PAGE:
words by Black Bubblegum, photos by Toby Tenenbaum
Kylesa played the first of two NYC shows in the humid, obscenely packed basement of The Charleston on 1/28, supported by Tombs, Tournament, Clean Teeth, and The Brass. Due to a family emergency, Clean Teeth (mem Made Out of Babies, ex-Destructo Swarmbots) replaced Black Anvil (hope everything is OK, my dudes). I arrived late to catch part of Tournament's set (The Brass & Clean Teeth were finished), and while I thought they sounded great, it's hard to truly enjoy a performance when you're standing in the back of a room and can't see the band. I made sure that didn't happen for Tombs & Kylesa, but Tournament requires further investigation.
Though this was my umpteenth experience seeing Tombsin the past few months, it was my first chance to hear the Winter Hours material in a live setting (and recognize it as such). The Brooklyn trio stuck to the script and delivered their usual pummeling performance, but what I found most fascinating was the fact that Winter Hours engineer Ian Whalen had done gone and done it.... The record definitely captures some of the raw emotional and destructive power of the live show. Winter Hours is definitely an early contender for record of the year, so look for it Feb 17th dammit!
Kylesa was next, mayhem ensued. Maybe I should have realized it when the Tombs guys could barely get their equipment off "stage" in the crush of people. Move it people!
"OK everyone, there isn't enough room to play. I need everyone to take three steps back..."
Vocals/Guitarist Laura Pleasants yelled to the back of the room. It wasn't enough.
"OK. Two more steps."
With the crowd a full five steps more "contained", the amplifier tubes-a-glowin', and both drum kits set up diagonally and semi-facing each other, Kylesa launched into their set, sending the packed audience into a oceanic ebb & flow with a "lucky" few in front acting as riot police. For the first few songs I managed to stay up front, and it was definitely a combination of fear and utter jubilation: fear of being smashed forward into the metal hardware of the drumkit and a herd of stampeders falling behind and on top of me, and utter jubiliation because, well, they destroy. A really lot.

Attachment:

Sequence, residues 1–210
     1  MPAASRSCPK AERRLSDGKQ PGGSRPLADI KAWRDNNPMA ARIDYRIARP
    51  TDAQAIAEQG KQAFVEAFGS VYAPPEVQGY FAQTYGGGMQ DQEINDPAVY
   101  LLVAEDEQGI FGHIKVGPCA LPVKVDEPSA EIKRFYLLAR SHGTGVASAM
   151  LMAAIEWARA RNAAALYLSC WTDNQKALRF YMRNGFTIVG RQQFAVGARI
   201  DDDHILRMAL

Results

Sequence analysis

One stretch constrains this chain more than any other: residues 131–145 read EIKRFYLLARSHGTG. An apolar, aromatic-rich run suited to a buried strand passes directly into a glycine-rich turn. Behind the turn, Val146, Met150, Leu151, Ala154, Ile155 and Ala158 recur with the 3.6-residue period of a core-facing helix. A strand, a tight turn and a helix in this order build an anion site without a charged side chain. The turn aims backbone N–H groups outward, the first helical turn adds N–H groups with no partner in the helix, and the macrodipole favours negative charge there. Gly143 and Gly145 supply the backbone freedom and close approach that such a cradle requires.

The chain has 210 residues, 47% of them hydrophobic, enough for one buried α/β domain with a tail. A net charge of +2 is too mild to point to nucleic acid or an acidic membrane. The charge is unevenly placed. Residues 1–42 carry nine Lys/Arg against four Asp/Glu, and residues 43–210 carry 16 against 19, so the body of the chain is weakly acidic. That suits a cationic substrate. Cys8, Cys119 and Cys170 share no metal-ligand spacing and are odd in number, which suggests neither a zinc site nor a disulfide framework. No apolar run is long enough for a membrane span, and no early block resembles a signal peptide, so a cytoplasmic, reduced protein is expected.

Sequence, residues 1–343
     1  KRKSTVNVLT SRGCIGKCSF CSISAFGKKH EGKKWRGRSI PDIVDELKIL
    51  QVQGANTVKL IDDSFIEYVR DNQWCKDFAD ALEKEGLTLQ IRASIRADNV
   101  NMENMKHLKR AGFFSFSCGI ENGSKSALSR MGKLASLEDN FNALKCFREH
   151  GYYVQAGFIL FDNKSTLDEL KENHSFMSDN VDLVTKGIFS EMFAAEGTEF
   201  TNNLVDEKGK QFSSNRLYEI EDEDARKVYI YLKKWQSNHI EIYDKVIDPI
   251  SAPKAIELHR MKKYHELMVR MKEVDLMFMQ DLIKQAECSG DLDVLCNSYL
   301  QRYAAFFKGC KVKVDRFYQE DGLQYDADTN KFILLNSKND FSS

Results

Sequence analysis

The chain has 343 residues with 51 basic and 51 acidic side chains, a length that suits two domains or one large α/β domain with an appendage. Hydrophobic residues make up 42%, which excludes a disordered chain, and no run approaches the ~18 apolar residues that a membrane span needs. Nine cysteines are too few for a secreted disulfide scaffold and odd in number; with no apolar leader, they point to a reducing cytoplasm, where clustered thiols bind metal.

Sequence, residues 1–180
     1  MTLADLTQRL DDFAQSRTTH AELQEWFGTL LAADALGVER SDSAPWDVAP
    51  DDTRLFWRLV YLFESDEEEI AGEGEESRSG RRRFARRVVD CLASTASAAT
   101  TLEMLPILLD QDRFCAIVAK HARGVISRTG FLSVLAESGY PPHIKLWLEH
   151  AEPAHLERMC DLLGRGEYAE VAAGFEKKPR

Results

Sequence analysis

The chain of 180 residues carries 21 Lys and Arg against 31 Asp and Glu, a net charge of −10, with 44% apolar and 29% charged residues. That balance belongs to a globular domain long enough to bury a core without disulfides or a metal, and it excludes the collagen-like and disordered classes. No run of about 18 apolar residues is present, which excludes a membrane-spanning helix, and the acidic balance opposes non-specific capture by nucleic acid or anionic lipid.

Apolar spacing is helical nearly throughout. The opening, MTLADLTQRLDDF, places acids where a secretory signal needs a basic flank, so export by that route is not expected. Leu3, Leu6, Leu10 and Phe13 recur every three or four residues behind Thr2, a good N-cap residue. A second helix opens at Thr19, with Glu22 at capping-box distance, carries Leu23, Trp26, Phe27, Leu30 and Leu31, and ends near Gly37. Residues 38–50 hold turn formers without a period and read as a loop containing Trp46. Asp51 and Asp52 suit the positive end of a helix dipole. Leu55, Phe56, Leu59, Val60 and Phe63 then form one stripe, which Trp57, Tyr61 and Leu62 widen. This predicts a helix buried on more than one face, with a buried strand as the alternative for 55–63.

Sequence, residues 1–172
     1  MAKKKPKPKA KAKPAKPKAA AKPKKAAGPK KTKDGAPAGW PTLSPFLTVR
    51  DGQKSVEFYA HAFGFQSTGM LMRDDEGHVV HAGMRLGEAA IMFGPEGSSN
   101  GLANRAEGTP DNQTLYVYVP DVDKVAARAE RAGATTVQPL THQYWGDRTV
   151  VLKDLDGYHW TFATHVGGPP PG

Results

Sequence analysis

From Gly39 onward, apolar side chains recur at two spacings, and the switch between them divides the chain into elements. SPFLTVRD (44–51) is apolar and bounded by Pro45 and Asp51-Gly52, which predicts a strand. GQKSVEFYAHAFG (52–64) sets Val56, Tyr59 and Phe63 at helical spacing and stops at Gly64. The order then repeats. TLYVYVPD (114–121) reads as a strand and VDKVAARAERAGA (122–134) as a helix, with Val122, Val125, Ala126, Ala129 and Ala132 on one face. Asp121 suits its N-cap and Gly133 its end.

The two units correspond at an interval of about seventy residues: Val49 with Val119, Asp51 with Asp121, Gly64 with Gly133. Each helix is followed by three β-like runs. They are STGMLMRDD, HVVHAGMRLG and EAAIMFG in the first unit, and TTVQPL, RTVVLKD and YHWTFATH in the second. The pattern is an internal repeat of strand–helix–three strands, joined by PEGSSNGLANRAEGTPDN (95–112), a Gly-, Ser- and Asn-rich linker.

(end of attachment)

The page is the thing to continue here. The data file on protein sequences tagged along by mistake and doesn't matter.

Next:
My worst fears were semi-realized though... halfway into their second song, a rogue tsunami pushed me head-first into the mic stand, pushing Laura Pleasants back a bit, disconnecting the mic cord, and making me personally responsible for an instrumental first verse of "Scapegoat" from Static Tensions.
continued with more pictures below...
Eventually, the crowd spaced out a little more and the floor opened up to "dancing". The band sounded great with bassist Corey Barhorst (Javier Villegas is now listed as "bassist on Static Tensions"). And full PA or no, the band sounded balanced and heeeeaaaavvvvvvyy from all of my vantage points.
Static Tensions material represented well live - even in an admittedly makeshift environment such as the basement of The Charleston. In all though, the band did not just stick to the new material (in someways I wish they did.... Static Tensions is Kylesa at their focused, brutal best), closing with "Hollow Severer" from Time Will Fuse It's Worth. Sweaty, beaten, and wowed, this was one fantastic show.
Catch Kylesa tonight with Amebix at Bowery Ballroom and on tour.